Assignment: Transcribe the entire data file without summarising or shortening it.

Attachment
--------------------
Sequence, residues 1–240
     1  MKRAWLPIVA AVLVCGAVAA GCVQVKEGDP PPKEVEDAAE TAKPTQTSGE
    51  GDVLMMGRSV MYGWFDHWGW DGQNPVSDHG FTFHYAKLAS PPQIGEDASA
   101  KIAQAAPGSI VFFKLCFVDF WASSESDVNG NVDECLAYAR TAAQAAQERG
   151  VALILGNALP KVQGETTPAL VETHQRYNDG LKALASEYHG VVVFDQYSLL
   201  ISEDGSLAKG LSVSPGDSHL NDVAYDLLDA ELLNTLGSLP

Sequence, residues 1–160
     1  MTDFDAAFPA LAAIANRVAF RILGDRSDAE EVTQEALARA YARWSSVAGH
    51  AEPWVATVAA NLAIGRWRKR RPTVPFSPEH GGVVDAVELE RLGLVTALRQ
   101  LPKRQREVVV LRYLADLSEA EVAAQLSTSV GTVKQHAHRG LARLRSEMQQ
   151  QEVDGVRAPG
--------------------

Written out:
Sequence, residues 1–240
     1  MKRAWLPIVA AVLVCGAVAA GCVQVKEGDP PPKEVEDAAE TAKPTQTSGE
    51  GDVLMMGRSV MYGWFDHWGW DGQNPVSDHG FTFHYAKLAS PPQIGEDASA
   101  KIAQAAPGSI VFFKLCFVDF WASSESDVNG NVDECLAYAR TAAQAAQERG
   151  VALILGNALP KVQGETTPAL VETHQRYNDG LKALASEYHG VVVFDQYSLL
   201  ISEDGSLAKG LSVSPGDSHL NDVAYDLLDA ELLNTLGSLP

Sequence, residues 1–160
     1  MTDFDAAFPA LAAIANRVAF RILGDRSDAE EVTQEALARA YARWSSVAGH
    51  AEPWVATVAA NLAIGRWRKR RPTVPFSPEH GGVVDAVELE RLGLVTALRQ
   101  LPKRQREVVV LRYLADLSEA EVAAQLSTSV GTVKQHAHRG LARLRSEMQQ
   151  QEVDGVRAPG